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Friday 21 October 2016 Instagram
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Social care funding: 'a bleak outlook is getting bleaker'

Social care funding: 'a bleak outlook is getting bleaker'

Social services will be withdrawn because of a 'substantial' financial squeeze to the directors, a survey has shown.

The survey by the Association of Association of Directors of Adult Social Services shows  despite the NHS transferring resources to local authority-funded social care, directors of adult social services are planning to save another £800 million over the next year.

Overall, in the three years since the beginning of the current austerity programme, some £2.68 billion savings will have been made by adult social care - 20% of net spending.

Social care leaders have been quick to point out that these efficiencies weren’t simple 'back-office' adjustments, but were gained by "providing different, more cost effective packages of care, or reduced levels of care, to many elderly or disabled people."

"Gazing into the next two years, without additional investment from that already planned, an already bleak outlook becomes even bleaker,”said ADASS president Sandie Keene.

"Directors everywhere are well aware of the difficult economic choices the country is facing and having to make.

“Social services departments have gone many an extra mile to make their services more efficient although, as our survey shows, these efficiencies are sometimes nowhere near so `painless’ as they sometimes seem.

Keene added that some service users “may be affected by serious reductions in service”, despite efforts to “cushion” them.


More than 10% of savings planned by social service directors (£104 million) will result in direct withdrawal of services, while nearly a fifth of councils thought that a reduction in the levels of personal budgets would be 'highly important'.

The ADASS survey shows that areas likely to be 'highly important' as aids to saving resources in the coming year include:

- Shifting activity to cheaper settings (40%)

- Increased personalisation (47%)

- Better procurement practices (68%)

Close to 15% of directors said there was a chance they would have to increase charges to users, while 65% reckoned that increased prevention and early intervention would provide significant savings opportunities.

However, when asked which areas had been affected by savings to date, 30% of directors said that fewer people can access services, and nearly 50 % said that providers are facing financial difficulties. 45% of councils did not increase fees to care homes at all.

Significantly, 86% thought that the quality of life for services users had not been lowered, while only 5 % thought that the quality of care was lower.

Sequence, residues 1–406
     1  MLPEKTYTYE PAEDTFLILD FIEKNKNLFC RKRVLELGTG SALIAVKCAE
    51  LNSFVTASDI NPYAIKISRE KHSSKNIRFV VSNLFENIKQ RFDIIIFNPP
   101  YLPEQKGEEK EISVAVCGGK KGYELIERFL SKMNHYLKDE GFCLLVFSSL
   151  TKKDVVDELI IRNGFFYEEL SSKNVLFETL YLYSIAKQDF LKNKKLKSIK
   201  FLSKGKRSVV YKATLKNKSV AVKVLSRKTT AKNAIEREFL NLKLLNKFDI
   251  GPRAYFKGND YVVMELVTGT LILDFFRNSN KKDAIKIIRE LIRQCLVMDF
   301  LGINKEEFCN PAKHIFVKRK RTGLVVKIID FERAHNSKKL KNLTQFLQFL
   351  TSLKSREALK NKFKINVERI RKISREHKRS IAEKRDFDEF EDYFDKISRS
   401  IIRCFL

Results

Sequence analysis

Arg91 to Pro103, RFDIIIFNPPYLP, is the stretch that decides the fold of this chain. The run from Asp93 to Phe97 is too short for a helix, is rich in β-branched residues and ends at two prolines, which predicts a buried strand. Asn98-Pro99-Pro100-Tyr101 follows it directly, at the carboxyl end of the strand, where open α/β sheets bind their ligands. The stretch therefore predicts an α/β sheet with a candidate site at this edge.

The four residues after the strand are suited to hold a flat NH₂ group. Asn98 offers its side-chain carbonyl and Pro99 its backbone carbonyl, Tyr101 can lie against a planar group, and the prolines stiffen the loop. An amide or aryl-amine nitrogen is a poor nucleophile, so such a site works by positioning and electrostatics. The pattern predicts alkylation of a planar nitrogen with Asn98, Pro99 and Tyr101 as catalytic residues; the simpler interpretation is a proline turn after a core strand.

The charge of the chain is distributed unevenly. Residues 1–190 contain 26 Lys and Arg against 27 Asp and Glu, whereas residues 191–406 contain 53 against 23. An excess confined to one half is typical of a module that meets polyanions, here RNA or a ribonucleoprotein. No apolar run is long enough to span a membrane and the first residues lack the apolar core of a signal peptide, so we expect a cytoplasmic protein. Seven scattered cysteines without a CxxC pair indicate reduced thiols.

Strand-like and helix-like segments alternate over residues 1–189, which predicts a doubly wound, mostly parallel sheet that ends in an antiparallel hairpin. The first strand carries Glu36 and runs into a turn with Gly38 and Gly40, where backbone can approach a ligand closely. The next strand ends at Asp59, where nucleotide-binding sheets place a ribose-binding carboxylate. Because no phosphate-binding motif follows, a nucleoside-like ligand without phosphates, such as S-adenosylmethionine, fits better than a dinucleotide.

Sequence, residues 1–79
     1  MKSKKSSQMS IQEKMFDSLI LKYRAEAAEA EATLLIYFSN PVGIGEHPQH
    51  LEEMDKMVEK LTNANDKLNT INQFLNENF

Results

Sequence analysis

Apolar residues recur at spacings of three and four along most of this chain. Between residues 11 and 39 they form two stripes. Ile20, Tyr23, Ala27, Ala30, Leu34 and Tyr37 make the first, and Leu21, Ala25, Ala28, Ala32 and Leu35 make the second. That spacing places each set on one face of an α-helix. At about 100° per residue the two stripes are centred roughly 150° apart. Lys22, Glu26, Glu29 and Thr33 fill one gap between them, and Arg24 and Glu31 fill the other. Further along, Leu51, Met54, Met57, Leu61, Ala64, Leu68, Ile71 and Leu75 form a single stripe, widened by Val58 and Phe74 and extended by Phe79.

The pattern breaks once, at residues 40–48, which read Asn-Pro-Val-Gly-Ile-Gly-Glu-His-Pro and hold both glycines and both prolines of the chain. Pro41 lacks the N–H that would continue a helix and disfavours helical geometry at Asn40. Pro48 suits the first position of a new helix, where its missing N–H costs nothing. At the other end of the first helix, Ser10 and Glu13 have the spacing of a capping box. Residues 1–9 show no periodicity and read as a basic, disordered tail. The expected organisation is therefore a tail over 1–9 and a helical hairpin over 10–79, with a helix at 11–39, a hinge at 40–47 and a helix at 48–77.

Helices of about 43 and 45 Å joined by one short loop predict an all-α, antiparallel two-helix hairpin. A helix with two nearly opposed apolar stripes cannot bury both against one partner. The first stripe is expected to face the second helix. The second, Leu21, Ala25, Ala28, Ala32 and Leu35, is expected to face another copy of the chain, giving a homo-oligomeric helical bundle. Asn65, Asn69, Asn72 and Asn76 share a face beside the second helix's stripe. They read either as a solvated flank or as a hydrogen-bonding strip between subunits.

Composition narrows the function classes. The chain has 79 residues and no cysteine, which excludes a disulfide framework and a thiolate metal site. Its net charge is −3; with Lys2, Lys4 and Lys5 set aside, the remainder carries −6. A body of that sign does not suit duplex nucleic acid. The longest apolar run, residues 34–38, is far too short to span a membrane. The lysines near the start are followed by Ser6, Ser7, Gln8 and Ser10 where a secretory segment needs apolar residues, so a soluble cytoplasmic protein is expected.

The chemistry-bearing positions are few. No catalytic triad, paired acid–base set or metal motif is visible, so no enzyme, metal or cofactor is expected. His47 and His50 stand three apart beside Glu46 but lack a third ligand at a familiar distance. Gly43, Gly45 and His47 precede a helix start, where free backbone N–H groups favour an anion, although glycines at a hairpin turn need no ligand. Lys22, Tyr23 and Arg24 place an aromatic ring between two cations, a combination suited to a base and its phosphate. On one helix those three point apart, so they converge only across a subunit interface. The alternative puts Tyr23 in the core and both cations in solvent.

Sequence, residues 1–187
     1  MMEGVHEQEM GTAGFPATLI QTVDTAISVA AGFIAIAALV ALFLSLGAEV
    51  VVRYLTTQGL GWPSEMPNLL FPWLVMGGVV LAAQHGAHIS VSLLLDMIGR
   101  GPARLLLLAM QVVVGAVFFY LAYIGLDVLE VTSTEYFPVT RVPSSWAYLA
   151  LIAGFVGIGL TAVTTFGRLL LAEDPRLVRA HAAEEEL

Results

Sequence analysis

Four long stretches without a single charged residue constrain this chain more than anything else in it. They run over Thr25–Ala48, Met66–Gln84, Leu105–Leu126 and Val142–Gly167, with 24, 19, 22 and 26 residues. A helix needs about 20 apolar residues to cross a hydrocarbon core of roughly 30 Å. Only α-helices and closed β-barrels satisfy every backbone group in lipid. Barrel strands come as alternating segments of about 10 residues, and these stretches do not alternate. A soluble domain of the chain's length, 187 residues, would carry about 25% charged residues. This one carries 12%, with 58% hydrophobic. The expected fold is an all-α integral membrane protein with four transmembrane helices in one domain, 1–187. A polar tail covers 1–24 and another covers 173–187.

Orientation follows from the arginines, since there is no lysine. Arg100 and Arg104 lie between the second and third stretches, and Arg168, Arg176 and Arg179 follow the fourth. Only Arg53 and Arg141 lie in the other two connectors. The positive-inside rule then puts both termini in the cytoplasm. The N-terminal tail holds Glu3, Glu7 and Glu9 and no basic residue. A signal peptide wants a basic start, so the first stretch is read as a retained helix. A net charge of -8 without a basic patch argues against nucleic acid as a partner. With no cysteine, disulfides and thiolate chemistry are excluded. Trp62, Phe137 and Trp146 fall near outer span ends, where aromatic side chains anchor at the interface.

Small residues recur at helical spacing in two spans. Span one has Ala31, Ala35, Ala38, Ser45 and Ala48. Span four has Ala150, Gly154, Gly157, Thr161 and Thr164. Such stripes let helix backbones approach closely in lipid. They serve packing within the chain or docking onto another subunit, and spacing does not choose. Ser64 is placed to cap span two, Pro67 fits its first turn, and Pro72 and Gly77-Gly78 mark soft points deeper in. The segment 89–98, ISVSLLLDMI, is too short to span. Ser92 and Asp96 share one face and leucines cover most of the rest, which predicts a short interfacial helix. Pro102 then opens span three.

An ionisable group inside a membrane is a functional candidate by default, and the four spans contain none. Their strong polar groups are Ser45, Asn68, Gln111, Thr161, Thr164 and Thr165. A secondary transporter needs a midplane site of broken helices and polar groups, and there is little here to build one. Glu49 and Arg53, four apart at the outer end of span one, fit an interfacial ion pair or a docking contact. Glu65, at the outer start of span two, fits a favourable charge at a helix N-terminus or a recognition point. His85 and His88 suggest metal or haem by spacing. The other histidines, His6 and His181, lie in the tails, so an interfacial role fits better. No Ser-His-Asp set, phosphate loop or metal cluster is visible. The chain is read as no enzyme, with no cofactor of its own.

Over the next two years, half (55%) of directors believe the quality of life for users will not worsen: a near-fifth, though, (19 %) think it will.

Equally, 50% of ADASS members think that fewer people will be able to access adult social care services in two years time.

And 50% fear that people will be getting smaller personal budgets. 57% think providers will be facing greater financial difficulty and 42 % anticipate more legal challenges.

Mrs Keene said: "We continue to need a comprehensive reform of our social care and health system – a reform which brings in and adequately acknowledges the implications of funding change, and which successfully brings together the fully-focused and effectively integrated resources of both local authority and NHS services."


I now get complaints almost daily from patients in my surgery about the local provision of social care. Usually, it is about people they are concerned about, such as neighbours or relatives; but the concerns are voicing the same theme, ie, people left for long periods in bed, often not having their 'morning' visit to help them get up for the day until lunch time; sometimes not visited at all and left in soiled bedding; unable to get themselves to the toilet in time; medications missed and diabetic considerations not catered for; carers not having enough time to do what is necessary; people often left hungry; a different carer every day or unable to speak colloquial or even not understanding English, the list goes on and on.

Our local Conservative council in their ill informed wisdom made the wonderful band of experienced in house carers redundant 2 years ago, most of whom had worked in the capacity for many years - and despite the STAR report into home care, then gave contracts to out of town agencies, who all make a fortune for the directors but skimp on the carers, with no travel allowance between cases. One agency is owned by a Polish couple with no experience in home or social care, only employ other Poles, and their method of recruitment is to give jobs to friends of their present employees who are yet to arrive in Britain!

The District Nursing team in my local area is now virtually non existent, we do see an occasional community nurse, often newly qualified, using their own car making a loss as the mileage is inadequate and on the very bottom pay scale. It is virtually impossible now to make a referral to the district nursing service as by and large they no longer exist as they used to!

It is grossly unfair to ask the disabled, the vulnerable, the elderly and the poor to shoulder the excesses of the recession caused by foolhardy bankers who are now laying on beaches in the Cayman Islands whilst vulnerable groups suffer.

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